A Nashville-area multiple listing service says it’s been told by Zillow that the search portal doesn’t want the stripped-down listing feed that the MLS plans to start providing to all public portals later this month.
RealTracs Solutions CEO Stuart White says Zillow has informed the MLS that it will no longer accept its listings, starting next week.
The nearly 10,000-member Brentwood, Tennessee-based MLS recently announced that, starting later this month, it would limit the information included in direct data feeds it sends to public portals, including realtor.com. The MLS also said it was in negotiations with listing syndicator ListHub to limit third-party portals’ display of listing data, Zillow and Trulia among them.
Now, White says Zillow has informed him it would reject any data feed that did not have complete data and would therefore terminate the feeds of RealTracs listings it receives from listing syndicators ListHub and Point2 on Sept. 23. Zillow is the most highly trafficked real estate portal on the Web with 46 million unique visitors via desktop and mobiles devices in June, according to comScore.
“They will do whatever they want to do. Our priority at this point is to get our agreement with ListHub in place. I basically told (Zillow) if you want to turn off the data feed on the 23rd, that’s up to you. We’re fine,” White said.
The changes RealTracs plans to implement include a four-photo limit; the elimination of several data fields; listing descriptions will be restricted to 150 characters; and public portals will be required to include a link to the listing detail page on the listing broker’s website. The MLS’s goal is to drive more traffic to listing brokerage sites.
Katie Curnutte, Zillow’s senior director of communications, declined to confirm the Sept. 23 termination date.
“Generally, we do not accept feeds of intentionally degraded listings, which harm agents and home sellers. We are in conversations with RealTracs, but the specifics of those conversations will remain between us,” she said.
Whether Zillow can refuse listings from RealTracs under its agreements with ListHub and Point2 is unclear. Move Inc., which owns ListHub, Point2’s listing syndication arm, and realtor.com, did not respond to a request for comment on this question by publication time.
Move declined to comment on RealTracs’ decision to limit listing data to realtor.com, saying it had yet to receive any direct contact from the MLS about any changes.
White said RealTracs had contacted realtor.com via a support email it has on file for any data changes.
When asked whether Trulia would continue to take RealTracs listings, Trulia’s vice president of industry services, Alon Chaver, said, “We respect the choices MLSs make to serve their brokers and will continue to engage with RealTracs. We don’t have any plans to change our current arrangement with them.”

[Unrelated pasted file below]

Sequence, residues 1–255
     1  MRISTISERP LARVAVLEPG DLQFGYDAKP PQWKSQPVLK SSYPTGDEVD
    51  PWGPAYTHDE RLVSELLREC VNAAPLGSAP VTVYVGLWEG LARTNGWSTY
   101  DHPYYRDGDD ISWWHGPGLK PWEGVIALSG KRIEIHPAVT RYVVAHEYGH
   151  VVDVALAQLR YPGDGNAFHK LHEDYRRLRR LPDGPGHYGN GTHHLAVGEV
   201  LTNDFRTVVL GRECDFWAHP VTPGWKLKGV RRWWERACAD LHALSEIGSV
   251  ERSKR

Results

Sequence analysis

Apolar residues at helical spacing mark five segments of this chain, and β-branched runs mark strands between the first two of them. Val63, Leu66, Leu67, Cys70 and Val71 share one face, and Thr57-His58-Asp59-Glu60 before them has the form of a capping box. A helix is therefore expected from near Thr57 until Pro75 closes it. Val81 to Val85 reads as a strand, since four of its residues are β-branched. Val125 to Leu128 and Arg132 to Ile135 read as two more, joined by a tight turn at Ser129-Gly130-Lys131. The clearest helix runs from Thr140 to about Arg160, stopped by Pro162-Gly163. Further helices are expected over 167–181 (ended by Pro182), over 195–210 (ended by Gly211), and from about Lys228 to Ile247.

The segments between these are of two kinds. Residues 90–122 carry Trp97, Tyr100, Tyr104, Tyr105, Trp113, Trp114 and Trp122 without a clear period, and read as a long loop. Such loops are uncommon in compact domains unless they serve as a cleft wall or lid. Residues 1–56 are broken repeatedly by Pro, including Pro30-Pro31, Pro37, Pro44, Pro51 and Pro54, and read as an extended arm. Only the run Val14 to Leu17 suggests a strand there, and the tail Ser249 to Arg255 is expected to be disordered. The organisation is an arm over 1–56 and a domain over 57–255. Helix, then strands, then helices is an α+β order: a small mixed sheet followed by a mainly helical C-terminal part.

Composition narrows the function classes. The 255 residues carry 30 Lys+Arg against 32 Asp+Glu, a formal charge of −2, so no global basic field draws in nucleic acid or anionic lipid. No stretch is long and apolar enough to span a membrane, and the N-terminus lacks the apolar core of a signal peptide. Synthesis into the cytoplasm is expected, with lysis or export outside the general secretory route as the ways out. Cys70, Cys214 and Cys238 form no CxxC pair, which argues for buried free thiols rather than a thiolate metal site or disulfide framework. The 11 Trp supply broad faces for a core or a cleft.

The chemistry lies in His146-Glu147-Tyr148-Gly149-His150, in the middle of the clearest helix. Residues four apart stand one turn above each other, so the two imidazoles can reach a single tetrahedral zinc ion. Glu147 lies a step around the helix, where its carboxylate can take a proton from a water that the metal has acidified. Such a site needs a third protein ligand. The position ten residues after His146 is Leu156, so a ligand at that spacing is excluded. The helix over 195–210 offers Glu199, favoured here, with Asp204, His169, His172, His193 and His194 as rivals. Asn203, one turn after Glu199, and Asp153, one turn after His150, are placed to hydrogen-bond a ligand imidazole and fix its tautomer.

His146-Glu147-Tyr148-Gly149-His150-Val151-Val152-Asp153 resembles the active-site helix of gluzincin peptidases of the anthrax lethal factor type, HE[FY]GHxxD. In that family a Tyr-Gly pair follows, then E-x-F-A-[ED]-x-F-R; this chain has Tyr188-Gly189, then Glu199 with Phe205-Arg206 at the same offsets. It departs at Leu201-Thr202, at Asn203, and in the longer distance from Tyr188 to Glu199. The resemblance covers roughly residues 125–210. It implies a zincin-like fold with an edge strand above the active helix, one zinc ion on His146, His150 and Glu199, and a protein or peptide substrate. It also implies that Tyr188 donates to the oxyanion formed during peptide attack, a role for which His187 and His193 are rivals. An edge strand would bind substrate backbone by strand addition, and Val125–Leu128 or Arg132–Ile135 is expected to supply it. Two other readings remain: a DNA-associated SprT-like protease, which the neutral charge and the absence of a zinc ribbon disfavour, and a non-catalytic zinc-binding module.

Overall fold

Both Zillow and Trulia have contacted RealTracs about obtaining direct data feeds, White said.
“They (Zillow) are willing to talk with us about a direct data feed contract with ‘some’ stipulations that meet our brokers’ needs, but no guarantees on what that means,” White said.
He said sending them direct data feeds is not out of the question, “but that will take months to get it figured out.”
White said Zillow had pointed out that many large brokers send their own direct feeds to the portal with full listing information, potentially putting RealTracs’ smaller brokers at a disadvantage.
So far, White said smaller brokers who have reached out to him about the decision to limit data haven’t questioned it. But RealTracs is working with ListHub to give brokers the option of sending full information on their own listings should they wish to.
Earlier this year, the Combined Los Angeles/Westside MLS tried altering its data feeds to public portals in a different way, becoming the first MLS in the country to delay its syndication feeds by 48 hours.
But that experiment was short-lived, because the majority of the MLS’s brokers decided to send their listings to Zillow and Trulia through their own direct feeds. CLAW has since signed an agreement to provide a direct feed to Trulia.
Zillow said its general rule against accepting intentionally degraded listings has been its policy “for some time” and applied to the delayed listings CLAW sent as well.
Still, CLAW CEO Annie Ives said the move to delay was worth it. “Now Trulia and Zillow provide more free member benefits because they don’t take the MLS and the broker and the agent for granted,” she said.
Industry opinions about offering limited listing data in syndication feeds have been mixed. After Redfin CEO Glenn Kelman advocated the strategy in a guest piece, an Inman News poll found that 70 percent of 635 reader respondents were against adopting Kelman’s recommendations.
In another survey by stock analysis firm PAA Research, 49 percent of 400 agents surveyed said brokers should offer limited information in syndicated listings with a link back to the broker’s site. Just over a fifth of respondents, 21.4 percent, said brokers should end syndication of listings to aggregators, and 7.6 percent said brokers should delay syndication of listings to aggregators. Only 21.9 percent said the system worked fine as is.
Editor’s note: This article has been updated with a comment from Trulia.